On April 4th, long before it was light, Craig Severtson once again headed for Nicaragua, taking with him Nick Weiland, videographer, and Sandy Jerstad, sponsor of the first ever all women health conference put on by the Lutheran Church in Nicaragua. Once in Nicaragua, we met up with friends of Craig, Bill and Dana Glasscock, former Peace Corps workers in Nicaragua, and Pam Bohl and her 14 year old son Jacob Babb.
Our driver, guide, interpreter, protector and great friend, Sergio picked us up and took us to meet Elena, a woman from the U.S. who has lived in Nicaragua since 1982, teaching, building community, fostering education and strength for women, and owns a hostel-like hotel in a forested, tranquil area of Managua. She meets with the softball girls once a month to help them with their self-image and with lessons of life.
Next was a visit to the Softball Academy, located in a rough part of Managua, where we witnessed a practice session. The temperature inside the faciliity was a steamy 100 degrees, where pitchers and hitters had no problem getting warmed up. Two batting cages were set up with old nets and the baseball-loving men were lured into some batting practice. They were doing pretty well until poor Sergio got hit by a pitch.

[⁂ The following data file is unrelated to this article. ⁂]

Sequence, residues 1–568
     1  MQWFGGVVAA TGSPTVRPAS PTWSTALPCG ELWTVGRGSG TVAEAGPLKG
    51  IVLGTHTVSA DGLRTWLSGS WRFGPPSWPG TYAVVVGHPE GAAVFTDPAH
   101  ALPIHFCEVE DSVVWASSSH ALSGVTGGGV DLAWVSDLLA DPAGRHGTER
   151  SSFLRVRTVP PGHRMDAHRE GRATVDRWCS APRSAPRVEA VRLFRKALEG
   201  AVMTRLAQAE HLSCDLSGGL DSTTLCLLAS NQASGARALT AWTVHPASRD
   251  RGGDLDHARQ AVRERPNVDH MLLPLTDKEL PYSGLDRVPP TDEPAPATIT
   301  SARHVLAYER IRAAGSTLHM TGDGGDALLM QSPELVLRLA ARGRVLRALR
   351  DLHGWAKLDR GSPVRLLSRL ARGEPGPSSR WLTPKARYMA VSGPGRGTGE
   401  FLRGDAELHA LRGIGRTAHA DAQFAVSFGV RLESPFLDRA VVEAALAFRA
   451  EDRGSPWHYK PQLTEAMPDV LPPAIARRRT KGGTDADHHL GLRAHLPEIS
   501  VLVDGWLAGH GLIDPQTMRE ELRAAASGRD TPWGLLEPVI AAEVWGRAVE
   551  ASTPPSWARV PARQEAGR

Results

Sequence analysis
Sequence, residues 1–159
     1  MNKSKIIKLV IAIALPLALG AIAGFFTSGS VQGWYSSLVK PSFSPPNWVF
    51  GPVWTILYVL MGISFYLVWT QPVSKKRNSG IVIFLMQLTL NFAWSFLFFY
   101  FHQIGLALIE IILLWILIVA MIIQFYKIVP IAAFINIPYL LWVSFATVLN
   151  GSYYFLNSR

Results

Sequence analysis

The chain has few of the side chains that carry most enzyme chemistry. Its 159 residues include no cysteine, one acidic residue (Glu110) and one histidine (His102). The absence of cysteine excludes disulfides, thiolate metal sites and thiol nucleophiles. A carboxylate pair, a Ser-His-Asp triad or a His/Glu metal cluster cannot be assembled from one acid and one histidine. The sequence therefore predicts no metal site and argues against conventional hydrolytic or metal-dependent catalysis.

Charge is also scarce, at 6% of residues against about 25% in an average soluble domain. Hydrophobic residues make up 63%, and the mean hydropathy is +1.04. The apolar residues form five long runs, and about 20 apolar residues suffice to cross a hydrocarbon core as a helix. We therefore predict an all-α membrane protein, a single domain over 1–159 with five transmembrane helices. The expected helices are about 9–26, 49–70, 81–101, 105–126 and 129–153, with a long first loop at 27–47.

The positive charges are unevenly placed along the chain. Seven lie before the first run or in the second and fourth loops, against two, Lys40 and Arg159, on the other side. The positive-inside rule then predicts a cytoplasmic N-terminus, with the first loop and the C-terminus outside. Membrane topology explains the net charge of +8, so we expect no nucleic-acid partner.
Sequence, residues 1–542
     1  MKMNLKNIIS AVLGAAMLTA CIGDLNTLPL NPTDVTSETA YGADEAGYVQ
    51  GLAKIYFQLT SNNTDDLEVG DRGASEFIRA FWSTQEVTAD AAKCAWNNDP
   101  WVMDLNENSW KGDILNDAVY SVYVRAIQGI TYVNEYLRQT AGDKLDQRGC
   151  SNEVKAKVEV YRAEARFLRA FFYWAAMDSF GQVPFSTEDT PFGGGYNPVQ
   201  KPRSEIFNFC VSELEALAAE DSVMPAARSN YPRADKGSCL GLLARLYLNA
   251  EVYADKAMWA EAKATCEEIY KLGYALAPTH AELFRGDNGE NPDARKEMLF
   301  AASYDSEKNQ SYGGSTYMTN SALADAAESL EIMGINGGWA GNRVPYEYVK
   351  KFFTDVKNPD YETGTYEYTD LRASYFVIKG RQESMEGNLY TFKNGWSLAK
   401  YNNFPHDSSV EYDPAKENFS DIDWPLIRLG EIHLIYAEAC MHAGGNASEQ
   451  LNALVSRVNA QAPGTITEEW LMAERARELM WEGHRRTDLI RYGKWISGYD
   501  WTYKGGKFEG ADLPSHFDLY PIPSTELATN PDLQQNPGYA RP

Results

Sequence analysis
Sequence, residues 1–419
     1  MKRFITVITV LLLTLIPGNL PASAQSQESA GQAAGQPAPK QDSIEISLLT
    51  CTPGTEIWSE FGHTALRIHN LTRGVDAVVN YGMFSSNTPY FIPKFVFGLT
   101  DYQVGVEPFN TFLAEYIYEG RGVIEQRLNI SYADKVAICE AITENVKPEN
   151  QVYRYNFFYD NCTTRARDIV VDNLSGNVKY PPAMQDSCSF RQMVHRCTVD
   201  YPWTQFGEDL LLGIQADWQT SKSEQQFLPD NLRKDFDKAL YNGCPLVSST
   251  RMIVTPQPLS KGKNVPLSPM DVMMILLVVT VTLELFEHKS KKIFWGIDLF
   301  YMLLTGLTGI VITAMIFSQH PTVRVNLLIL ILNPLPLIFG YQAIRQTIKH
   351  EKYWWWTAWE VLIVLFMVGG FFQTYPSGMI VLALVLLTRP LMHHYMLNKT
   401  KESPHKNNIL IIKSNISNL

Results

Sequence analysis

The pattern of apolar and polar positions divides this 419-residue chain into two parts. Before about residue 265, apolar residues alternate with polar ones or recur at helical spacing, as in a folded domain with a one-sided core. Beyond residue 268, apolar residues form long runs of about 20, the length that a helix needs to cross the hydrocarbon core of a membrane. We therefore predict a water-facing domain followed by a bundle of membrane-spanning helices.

Coach Jerstad was asked to speak to the girls, and invited to sit in the dugout during their next scheduled games on Sunday.
On day two we headed for Somotillo after spending the night in Chinandega. After an hour’s drive dodging buses, horse-drawn carts, pedestrians, motorcycles and cars, we arrived in Somotillo and Sergio turned off on a rough narrow road which led to the area hosting the first ever women’s health conference. This conference was planned and put on by Bishop Victoria and Assistant Bishop Katia who had plastic chairs for 100 women, and a large canopy to protect them from the searing sun and 108 degree heat.
The 90 women who came were from the 46 different parishes in the Lutheran Church in Nicaragua, and had heard about this conference from their pastors, some of whom attended the conference. Two female gynocologists from Managua traveled three hours to speak to the women all day about different health issues, from violence towards women to breast exams to birth control. Everyone took a break when a nice lunch was catered in for the participants. These women had never had an exam from a doctor, and knew very little about their own health.